Michelle and Bob McCue, co-directors of Cranbrook Community Theatre’s production of Almost, Maine. (Photo courtesy Ashlee Dawn)

Live theatre returning with CCT’s “Almost, Maine”

Cranbrook Community Theatre’s fall production is perfectly suited for our pandemic times

There are exciting plans afoot at Cranbrook Community Theatre this fall. Despite the obstacles created by a global pandemic, CCT has come up with some innovative and exciting ways to present live theatre to our community.

Cranbrook Community Theatre is proud to announce the first play of the 2020-21 season — Almost, Maine.

Almost, Maine by John Cariani, comprises nine short vignettes that explore love and loss in the remote town of Almost, Maine. Directed by Michelle and Bob McCue, Almost, Maine is the perfect project to retrofit for the socially distanced needs called upon during the time of COVID-19.

“This piece is a series of vignettes that are each small cast,” Bob said. “This way we can safely rehearse each scene individually. Any touching or kissing is done by couples. This ensures the safety of all actors without compromising the piece.”

Bob’s co-director Michelle explains the reasoning behind choosing Almost Maine.

“After reading several scripts, (including many radio plays) looking for a project for CCT, I was ready to throw in the towel. I went back to scripts I had read last year, wondering if any of them could be adapted to be COVID friendly, but really none were. Then I remembered Almost, Maine. I had seen this show in Calgary several years back and remembered the beauty of the simple staging and then remembered it was all vignettes.

“After reading it again, we had the idea that those scenes that did require physical contact could possibly be cast using couples — I mean Cranbrook has a crazy amount of talented families, and it was actually not that difficult to make that happen. We knew scheduling rehearsals would be pretty easy too if we could get this done.

“And… there is never more than three people on stage at once — making the six feet rule pretty doable.”

The live audience will be intimate and physically distanced. A wider audience will be included through the magic of live-streaming technology.

These are unprecedented times and the production team and CCT Board of Directors, working in accordance with the BC Health Authority guidelines, has created a safe and unique way to continue the very important role of live theatre in our community. Bob explains that “more and more entertainment avenues are working to provide opportunities that are safe for both audience and participants. Theatre is no different. Despite COVID, we need choices that can give us a sense of normalcy. We can find ways to work together, apart. We can adapt to meet the entertainment needs of our community, providing a desired service.”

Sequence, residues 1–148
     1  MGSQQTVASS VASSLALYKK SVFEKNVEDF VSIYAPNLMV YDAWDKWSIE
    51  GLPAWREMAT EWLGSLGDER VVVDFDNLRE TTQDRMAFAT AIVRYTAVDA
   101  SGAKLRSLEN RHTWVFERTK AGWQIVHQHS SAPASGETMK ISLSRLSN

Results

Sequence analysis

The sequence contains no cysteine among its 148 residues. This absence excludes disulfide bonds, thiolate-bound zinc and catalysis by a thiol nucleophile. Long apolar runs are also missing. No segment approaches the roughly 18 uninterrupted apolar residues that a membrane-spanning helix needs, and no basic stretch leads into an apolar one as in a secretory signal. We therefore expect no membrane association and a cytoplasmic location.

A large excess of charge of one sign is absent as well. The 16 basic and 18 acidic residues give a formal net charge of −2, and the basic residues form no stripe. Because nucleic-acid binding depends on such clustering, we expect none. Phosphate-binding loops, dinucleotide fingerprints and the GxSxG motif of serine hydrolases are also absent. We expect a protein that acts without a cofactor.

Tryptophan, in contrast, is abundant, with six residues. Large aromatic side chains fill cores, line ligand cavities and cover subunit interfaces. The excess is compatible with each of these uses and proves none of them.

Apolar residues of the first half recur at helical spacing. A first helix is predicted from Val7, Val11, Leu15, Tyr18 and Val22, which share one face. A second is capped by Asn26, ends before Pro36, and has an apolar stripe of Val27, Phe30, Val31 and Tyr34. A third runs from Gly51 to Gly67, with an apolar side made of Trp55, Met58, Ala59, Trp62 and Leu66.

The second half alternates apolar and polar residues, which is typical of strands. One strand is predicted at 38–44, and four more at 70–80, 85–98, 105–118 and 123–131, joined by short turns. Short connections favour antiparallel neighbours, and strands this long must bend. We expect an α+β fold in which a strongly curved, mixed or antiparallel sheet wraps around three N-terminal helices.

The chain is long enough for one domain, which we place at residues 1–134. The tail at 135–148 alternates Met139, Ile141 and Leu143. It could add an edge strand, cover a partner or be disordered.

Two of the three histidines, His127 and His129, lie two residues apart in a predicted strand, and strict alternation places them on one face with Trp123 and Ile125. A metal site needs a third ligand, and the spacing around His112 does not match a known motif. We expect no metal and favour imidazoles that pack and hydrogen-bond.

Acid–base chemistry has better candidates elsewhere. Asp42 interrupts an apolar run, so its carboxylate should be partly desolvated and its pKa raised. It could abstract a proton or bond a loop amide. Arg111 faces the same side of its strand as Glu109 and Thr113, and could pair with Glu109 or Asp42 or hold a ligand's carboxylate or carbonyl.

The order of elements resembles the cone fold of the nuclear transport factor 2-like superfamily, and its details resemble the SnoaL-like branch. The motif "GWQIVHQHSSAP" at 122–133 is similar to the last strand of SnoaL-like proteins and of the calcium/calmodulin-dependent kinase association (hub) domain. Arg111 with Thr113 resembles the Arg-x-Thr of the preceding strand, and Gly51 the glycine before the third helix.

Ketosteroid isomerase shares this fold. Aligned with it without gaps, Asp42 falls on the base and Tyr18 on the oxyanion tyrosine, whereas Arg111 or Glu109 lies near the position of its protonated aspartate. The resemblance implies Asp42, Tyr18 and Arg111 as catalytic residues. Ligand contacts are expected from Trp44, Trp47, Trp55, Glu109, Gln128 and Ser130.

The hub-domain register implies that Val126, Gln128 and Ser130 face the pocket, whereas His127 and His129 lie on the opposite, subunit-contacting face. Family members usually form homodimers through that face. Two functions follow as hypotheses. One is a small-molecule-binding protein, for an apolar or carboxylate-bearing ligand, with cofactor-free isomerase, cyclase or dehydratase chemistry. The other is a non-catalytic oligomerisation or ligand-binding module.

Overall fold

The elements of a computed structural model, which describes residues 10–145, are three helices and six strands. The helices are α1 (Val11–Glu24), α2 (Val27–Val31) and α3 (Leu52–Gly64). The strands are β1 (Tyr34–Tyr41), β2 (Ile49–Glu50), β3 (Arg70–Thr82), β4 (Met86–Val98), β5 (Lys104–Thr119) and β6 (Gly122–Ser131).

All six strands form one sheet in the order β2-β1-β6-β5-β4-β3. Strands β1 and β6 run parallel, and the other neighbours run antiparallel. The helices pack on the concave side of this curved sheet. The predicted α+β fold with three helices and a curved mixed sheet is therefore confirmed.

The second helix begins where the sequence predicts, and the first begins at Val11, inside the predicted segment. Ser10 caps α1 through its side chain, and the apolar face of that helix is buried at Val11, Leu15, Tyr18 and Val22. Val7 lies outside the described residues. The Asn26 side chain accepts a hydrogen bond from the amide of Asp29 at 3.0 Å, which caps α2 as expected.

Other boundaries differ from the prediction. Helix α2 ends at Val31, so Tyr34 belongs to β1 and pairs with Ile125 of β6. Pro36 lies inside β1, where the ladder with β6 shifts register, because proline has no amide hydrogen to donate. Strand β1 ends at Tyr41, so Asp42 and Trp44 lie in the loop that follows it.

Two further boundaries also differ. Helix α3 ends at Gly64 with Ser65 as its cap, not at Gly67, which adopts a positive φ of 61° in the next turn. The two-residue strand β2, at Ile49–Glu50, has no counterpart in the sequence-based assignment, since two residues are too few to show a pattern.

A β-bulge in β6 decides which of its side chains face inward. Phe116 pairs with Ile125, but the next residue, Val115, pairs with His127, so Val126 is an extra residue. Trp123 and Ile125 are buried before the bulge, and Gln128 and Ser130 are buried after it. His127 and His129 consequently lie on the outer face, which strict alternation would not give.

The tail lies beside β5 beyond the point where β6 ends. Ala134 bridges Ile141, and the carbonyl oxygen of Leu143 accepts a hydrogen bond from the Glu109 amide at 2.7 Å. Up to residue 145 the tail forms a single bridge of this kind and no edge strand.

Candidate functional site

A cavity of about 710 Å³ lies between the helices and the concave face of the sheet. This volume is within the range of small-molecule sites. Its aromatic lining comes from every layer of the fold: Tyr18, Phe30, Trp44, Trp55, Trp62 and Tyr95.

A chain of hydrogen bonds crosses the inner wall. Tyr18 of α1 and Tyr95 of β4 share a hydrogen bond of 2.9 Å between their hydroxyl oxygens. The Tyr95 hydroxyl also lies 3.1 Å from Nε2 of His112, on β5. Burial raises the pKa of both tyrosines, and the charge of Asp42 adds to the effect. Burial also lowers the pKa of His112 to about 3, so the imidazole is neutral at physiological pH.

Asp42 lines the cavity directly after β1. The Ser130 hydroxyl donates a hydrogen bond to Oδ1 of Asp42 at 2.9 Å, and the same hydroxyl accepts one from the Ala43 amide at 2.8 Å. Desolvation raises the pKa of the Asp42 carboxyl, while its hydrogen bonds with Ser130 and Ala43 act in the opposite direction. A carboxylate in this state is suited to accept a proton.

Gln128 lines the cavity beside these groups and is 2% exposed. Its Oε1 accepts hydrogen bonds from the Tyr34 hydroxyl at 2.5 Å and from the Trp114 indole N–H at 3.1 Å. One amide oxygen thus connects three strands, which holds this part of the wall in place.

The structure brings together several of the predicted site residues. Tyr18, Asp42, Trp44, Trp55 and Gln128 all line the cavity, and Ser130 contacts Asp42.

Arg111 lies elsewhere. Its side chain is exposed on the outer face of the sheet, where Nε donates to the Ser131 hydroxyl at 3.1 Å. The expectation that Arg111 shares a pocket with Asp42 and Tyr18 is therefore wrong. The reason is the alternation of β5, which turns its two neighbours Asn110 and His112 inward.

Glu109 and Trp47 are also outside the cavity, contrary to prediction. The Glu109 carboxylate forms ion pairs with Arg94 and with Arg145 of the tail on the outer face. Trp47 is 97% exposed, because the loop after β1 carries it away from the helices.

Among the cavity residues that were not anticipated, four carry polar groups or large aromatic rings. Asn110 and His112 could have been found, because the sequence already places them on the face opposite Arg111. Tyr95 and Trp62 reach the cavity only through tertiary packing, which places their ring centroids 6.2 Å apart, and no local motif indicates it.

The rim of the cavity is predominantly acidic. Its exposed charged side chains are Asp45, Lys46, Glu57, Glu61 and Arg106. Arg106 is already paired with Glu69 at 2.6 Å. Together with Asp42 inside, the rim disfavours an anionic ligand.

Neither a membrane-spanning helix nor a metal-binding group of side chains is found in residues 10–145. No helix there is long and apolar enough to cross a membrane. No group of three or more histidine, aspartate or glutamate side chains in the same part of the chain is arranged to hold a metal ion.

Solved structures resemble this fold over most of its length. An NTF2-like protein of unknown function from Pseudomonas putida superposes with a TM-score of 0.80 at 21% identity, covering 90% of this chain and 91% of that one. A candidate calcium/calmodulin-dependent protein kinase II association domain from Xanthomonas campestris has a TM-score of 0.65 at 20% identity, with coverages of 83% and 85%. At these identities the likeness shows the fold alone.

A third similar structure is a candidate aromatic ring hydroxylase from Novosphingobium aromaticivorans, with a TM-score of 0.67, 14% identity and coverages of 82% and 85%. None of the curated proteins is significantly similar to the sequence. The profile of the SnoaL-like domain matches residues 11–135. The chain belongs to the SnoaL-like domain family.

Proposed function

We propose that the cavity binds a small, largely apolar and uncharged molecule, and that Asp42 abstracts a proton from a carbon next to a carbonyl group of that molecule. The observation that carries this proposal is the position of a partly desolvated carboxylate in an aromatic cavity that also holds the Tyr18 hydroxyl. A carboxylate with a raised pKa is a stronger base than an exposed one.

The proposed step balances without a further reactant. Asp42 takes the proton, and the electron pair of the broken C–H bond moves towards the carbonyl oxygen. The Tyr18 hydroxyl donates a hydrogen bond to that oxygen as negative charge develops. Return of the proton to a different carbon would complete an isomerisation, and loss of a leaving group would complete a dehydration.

Michelle agrees wholeheartedly. “I love that we have been able to offer 19 people a safe way to do theatre. Creative people are like fish out of water when they aren’t creating. The arts in whatever form, spark our imaginations, give us hope and calm our fears. Live theatre now, during COVID feels like a return to normalcy, even though we will be limiting the audience, wearing masks, hand sanitizing. Once the music starts and the lights come up on that stage…. ah. It’s yesterday once more. COVID doesn’t exist, if only for an hour or two.”

Running September 25, 26, 27 and October 1, 2 & 3, show times 7:30 PM for all dates except the matinee Sept. 27 at 2:00 PM. There are only 35 tickets available for each live show ($17 Members – $20 Non Members). Live streaming is also available to watch from the comfort of your own home ($12 Members – $15 Non Members). All tickets are available at cranbrookcommunitytheatre.com. Audience members are encouraged to get their tickets soon, as all tickets must be purchased in advance, with no door ticket sales available due to health and safety restrictions.

You will not want to miss this unique theatre experience which takes a look at love through the lens of absurdity and magic. Almost, Maine promises to bring us together even though COVID-19 keeps us apart.

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